The Financial Industry Regulatory Authority on Thursday spelled out more clearly how brokers may use social media.
In January 2010, Finra issued a regulatory notice providing guidance on its rules regarding how brokers may use social media to communicate with the public. Since then, Finra noted, firms have raised more questions on the application of the rules. Today's notice responded to some of these questions.
Among the clarifications described today:
A registered principal must review any social media site that an associated person intends to use for a business purpose, and they must review it in the form in which it will be "launched."
Participating in an interactive electronic forum is considered a "public appearance" and does not require prior approval by a registered principal, but firms must have procedures in place so they can review such participation after the fact to make sure such communication doesn't violate Finra or SEC rules.
Unlike communication on interactive forums, "static" posts -- such as blogs or other writing on Web pages -- are considered "advertisements" and must be approved by a registered principal before they are posted.
Data feeds into a Web site need to be regularly reviewed and any inaccurate information needs to be corrected.
Brokerage firms must keep records of all communications pertaining to business, even if they are made on a personal device such as a laptop or smart phone.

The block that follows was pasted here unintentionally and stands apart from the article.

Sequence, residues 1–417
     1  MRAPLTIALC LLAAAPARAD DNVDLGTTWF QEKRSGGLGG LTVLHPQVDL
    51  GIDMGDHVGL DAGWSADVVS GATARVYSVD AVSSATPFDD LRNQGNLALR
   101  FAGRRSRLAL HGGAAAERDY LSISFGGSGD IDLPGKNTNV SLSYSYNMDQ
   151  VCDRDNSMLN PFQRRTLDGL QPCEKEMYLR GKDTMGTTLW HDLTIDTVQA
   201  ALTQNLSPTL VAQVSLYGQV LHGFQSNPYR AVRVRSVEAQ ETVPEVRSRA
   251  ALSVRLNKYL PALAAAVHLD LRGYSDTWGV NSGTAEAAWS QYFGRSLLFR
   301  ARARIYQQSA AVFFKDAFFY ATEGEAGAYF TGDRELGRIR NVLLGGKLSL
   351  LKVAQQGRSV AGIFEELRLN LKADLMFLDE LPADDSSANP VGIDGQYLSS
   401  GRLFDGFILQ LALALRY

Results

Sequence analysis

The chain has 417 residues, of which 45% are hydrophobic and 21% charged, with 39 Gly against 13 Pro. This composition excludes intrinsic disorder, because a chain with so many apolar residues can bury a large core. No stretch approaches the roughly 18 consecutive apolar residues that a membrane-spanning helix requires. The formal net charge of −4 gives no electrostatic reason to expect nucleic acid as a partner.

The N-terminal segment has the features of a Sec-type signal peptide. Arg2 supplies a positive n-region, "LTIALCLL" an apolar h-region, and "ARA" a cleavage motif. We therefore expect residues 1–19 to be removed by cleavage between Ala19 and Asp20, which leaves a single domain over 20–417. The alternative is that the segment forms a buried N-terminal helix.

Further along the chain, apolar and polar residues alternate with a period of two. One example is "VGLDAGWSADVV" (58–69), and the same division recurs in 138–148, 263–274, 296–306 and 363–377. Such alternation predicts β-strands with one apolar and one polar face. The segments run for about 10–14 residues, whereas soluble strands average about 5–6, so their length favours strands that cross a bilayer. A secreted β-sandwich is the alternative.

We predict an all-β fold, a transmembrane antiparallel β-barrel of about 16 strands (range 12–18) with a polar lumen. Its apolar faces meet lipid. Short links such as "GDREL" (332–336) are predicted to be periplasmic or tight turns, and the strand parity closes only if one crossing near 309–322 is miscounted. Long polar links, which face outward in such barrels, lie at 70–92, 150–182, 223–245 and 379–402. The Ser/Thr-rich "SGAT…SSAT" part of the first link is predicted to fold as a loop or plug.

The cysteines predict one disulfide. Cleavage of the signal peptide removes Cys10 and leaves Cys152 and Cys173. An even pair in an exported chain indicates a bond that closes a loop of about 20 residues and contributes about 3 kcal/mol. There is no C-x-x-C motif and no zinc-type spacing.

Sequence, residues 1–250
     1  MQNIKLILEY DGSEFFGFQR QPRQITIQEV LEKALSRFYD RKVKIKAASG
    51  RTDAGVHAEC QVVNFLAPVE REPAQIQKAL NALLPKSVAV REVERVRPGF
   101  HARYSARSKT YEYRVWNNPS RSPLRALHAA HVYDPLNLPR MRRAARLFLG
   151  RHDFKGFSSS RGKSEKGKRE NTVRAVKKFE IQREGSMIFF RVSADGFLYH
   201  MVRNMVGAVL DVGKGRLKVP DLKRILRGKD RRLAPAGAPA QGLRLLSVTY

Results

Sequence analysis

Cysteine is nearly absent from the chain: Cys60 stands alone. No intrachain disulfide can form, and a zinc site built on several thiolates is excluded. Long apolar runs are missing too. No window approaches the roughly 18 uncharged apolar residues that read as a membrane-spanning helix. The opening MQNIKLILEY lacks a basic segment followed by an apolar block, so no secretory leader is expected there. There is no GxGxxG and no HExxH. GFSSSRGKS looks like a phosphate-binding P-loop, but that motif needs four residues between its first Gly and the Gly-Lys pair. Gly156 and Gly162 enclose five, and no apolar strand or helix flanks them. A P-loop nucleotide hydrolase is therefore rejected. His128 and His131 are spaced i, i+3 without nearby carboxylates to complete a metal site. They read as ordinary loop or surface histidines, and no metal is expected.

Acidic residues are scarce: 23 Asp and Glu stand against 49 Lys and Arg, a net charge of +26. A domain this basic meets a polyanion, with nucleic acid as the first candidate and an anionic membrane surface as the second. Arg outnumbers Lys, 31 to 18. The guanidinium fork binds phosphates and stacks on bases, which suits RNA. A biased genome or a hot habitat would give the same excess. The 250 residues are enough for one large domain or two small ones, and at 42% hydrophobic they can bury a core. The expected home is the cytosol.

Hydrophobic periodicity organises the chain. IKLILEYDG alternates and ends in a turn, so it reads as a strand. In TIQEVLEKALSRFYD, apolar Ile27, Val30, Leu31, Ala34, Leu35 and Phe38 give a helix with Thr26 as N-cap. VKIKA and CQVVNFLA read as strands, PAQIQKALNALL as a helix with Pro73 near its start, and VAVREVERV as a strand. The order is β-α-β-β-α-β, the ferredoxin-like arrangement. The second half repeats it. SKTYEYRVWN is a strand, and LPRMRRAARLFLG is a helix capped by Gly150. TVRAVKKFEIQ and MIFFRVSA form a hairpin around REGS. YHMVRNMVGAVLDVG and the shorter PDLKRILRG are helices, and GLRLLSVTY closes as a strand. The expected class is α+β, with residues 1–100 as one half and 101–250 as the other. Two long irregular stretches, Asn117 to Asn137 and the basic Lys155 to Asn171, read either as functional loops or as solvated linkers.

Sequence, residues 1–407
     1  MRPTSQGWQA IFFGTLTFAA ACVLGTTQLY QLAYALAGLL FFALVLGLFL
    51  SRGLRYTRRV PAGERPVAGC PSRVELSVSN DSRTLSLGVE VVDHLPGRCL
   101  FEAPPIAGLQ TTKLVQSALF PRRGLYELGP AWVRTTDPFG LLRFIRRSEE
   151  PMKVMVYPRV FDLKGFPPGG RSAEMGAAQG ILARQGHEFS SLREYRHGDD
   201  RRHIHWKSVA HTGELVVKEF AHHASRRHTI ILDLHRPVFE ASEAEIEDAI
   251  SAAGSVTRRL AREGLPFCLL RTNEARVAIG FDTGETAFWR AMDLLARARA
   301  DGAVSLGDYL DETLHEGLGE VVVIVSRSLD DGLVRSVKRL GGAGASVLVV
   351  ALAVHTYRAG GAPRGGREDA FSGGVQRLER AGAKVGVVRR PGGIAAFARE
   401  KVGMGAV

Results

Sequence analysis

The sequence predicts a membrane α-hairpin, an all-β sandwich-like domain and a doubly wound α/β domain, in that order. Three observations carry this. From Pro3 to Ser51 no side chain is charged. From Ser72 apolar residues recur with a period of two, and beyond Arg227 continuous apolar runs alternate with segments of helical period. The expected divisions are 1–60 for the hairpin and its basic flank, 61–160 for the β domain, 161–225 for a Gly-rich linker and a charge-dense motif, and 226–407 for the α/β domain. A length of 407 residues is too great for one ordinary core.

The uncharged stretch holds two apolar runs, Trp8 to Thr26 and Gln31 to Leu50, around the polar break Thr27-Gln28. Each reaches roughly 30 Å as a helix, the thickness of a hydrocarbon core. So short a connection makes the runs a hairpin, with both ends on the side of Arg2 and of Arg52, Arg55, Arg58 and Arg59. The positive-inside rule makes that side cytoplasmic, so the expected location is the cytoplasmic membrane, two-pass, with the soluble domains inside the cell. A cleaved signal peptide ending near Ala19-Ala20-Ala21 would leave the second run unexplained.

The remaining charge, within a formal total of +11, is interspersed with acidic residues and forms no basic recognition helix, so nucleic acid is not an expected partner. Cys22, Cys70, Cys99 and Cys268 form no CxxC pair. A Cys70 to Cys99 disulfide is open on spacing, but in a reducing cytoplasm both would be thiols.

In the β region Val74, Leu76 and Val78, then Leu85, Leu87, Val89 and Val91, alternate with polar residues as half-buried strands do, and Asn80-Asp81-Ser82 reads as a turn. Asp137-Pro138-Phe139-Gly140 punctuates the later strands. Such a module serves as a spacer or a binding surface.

A firm must conduct appropriate training and education concerning its social media policies, and must follow up on "red flags" that may indicate that an associated person is not complying.
A person affiliated with a broker-dealer may respond to a business-related question, such as one about a security, that's posted on his or her Web site, provided that the b-d doesn't have policies prohibiting such participation. If a firm has a policy that associated persons may not use a personal social media site for business purposes, then a substantive response by the associated person would violate this policy.
A firm that co-brands any part of a third-party site, such as by placing the firm's logo prominently on the site, is responsible for the content of the entire site. Under these circumstances, Finra considers the firm to have adopted the content on that site.
Firms may link to another site and aren't responsible for content at that site, as long as the firm doesn't "adopt" or become "entangled" with the content there and doesn't know or have reason to know that the site contains false or misleading information.